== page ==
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Rousseff Needs to Take Proactive Stance Against Corruption

September 22, 2011

When Brazilian President Dilma Rousseff took office on January 1 of this year she pledged to fulfill the demands of the Brazilian people to reform the political status quo. Her pledge against corruption was tested as allegations of misconduct arose in her ministry. She reacted to the allegations of venality by forcing three of her ministers to resign between the months of June and August. However, at the end of August, in an attempt to reunify her coalition government, Rousseff toned down her iron determination to confront the abuse of public office and vowed not to force any more resignations. Even this promise proved impossible when her Minister of Tourism was accused of misusing public funds. Rousseff reacted appropriately by forcing the Minster of Tourism to resign on September 24. To successfully combat corruption in her government, however, Rousseff must proactively root out misconduct in her administration. By hesitating to take an active position against corruption in an attempt to avert the fragmentation of her coalition government, she is ignoring the long-term benefits of an honest government for Brazilian society.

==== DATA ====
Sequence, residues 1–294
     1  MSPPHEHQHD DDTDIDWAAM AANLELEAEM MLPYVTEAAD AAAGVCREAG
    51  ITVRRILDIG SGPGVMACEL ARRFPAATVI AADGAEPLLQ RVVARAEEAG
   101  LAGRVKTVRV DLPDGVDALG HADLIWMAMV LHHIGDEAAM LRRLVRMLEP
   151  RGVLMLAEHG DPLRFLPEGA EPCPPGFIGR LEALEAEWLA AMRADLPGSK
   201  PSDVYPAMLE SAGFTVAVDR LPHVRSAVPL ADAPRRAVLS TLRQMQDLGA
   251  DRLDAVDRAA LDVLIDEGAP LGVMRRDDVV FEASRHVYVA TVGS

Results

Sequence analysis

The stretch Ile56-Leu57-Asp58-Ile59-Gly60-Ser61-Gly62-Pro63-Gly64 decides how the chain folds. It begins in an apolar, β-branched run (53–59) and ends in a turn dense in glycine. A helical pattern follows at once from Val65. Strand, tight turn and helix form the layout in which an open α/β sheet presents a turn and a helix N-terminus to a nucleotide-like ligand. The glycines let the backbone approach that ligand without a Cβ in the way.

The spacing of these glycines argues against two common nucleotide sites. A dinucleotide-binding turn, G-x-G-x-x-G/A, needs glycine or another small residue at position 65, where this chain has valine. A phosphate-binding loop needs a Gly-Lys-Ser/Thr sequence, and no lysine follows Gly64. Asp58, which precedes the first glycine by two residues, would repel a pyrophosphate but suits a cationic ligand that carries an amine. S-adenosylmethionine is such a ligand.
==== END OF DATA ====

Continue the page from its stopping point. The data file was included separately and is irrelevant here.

A culture of corruption within Brazilian government has had a costly impact on the economy. The Federation of Industries of São Paulo estimated that corruption costs the nation between 1.38 and 2.3 percent of its total GDP each year. From 1990 to 2008, the siphoning of public funds for personal enrichment prevented GDP per capita from growing an additional 15.5 percent. The study went on to conclude that, had Brazil realized the gains of more efficient public spending, its GDP per capita would have been USD 9,184 in 2008 rather than USD 7,954.

Incensed by the political disregard for society, in June 2010 the Brazilian people presented a petition with 1.6 million signatures to Brazil’s Congress that demanded political reform. Under pressure for such reform, Congress passed the Clean Record Law, “Ficha Limpa.” The law bars any person who has been convicted (or who has pending allegations) of one of a range of crimes, including electoral fraud and misuse of public funds, from running for elected office. When Rousseff took office she gave the Brazilian people even more hope for a cleaner government: “It is my duty as President of all Brazilians to see an end to the impunity which shelters many of those accused of involvement in corruption practices. We will punish all abuses and excesses.”